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life to represent the values assigned to different health states. Despite slight differences in terminology, there is general consensus on the concepts and domains included in operational definitions of health-related quality of life. As this brief review indicates, the definition of health and the indicators used to measure health have evolved over time. McDowell and Newell (1996:11) summarized this evolution as "a shift away from viewing health in terms of survival, through a phase of defining it in terms of freedom from disease, onward to an emphasis on the individual's ability to perform daily activities, and more recently to an emphasis on positive themes of happiness, social and emotional well being, and quality of life." With a broader definition of health, it is no longer adequate to rely on measures of mortality, illness, or surrogate measures of health such as hospitalizations. Also needed are health measures that can represent social, psychological, and physical well being to obtain a meaningful picture of the overall status of both individuals and populations. Core Concepts of Health Table 3-1 displays the five core concepts of health-related quality of life: death and duration of life; impairment; functional status (physical, psychological, and social); health perceptions; and opportunity (Patrick and Erickson, 1993). These concepts encompass both the quantity and quality of life and can be further differentiated into several domains. Domains are states, attitudes, behaviors, perceptions, and other spheres of action and thought; for instance, under the concept of impairment, symptoms and subjective complaints is the first domain. In assessing health, researchers must choose relevant domains and subdomains for measurement. The five main concepts of health, with selected domains and subdomains, are briefly described below. Death and Duration of Life The mortality-based measures most frequently used in prior studies of Gulf War veterans include the total death rate, condition-specific death rates, and infant mortality. Future studies could also use such measures as potential years of life lost, and remaining years of life at various ages, or could combine mortality with health status to form a composite measure such as years of healthy life, quality-adjusted life year, or disability-free life years. (Patrick and Erickson, 1993; Torrance and Feeny, 1989).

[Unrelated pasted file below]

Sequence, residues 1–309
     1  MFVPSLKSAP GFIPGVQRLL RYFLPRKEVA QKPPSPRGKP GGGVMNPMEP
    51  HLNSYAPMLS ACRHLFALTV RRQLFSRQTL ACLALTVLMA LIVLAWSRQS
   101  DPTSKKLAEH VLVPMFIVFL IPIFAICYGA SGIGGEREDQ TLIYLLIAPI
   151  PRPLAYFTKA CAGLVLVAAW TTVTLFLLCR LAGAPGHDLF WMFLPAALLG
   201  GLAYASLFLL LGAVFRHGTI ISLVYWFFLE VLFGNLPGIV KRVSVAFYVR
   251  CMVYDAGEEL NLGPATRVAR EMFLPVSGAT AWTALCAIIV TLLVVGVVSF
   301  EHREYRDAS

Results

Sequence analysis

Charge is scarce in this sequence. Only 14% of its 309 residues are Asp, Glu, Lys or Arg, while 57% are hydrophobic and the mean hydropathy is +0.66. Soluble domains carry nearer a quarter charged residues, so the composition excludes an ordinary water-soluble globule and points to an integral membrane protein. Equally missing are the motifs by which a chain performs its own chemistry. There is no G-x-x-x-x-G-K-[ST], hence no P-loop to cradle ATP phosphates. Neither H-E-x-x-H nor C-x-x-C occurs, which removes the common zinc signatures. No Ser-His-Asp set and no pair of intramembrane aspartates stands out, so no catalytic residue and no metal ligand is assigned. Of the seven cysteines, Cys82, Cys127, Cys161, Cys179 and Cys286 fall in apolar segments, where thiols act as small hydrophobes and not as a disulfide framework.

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TABLE 3-1 Core Concepts and Domains of Health Concepts and Domains Definitions/Indicators Death and Duration of Life Impairment Mortality; survival; years of life lost Symptoms and subjective complaints Reports of physical and psychological symptoms, sensations, pain, health problems, or feelings not directly observable Signs Physical examination: observable evidence of defect or abnormality Self-reported disease Patient listing of medical conditions or impairments Physiological measures Laboratory data, records, and their clinical interpretation Tissue alterations Pathological evidence Diagnoses Clinical judgments after "all the evidence" Functional Status Social function Limitations in usual roles Acute or chronic limitations in usual social roles (major activities) of child, student, worker Integration Participation in the community Contact Interaction with others Intimacy and sexual function Perceived feelings of closeness; sexual activity and/or problems Psychological function Affective Psychological attitudes and behaviors, including distress and well being Cognitive Alertness; disorientation; problems in reasoning Physical function Activity restrictions Acute or chronic reduction in physical activity, mobility, self-care, sleep, communication Fitness Performance of activity with vigor and without excessive fatigue Health Perceptions General health perceptions Self-rating of health; health concern/worry Satisfaction with health Satisfaction with physical, psychological, social function Opportunity Social or cultural disadvantage Disadvantage because of health; stigma; societal reaction Resilience Capacity for health; ability to withstand stress; physiological reserves SOURCE: Adapted from Patrick and Erickson, 1993.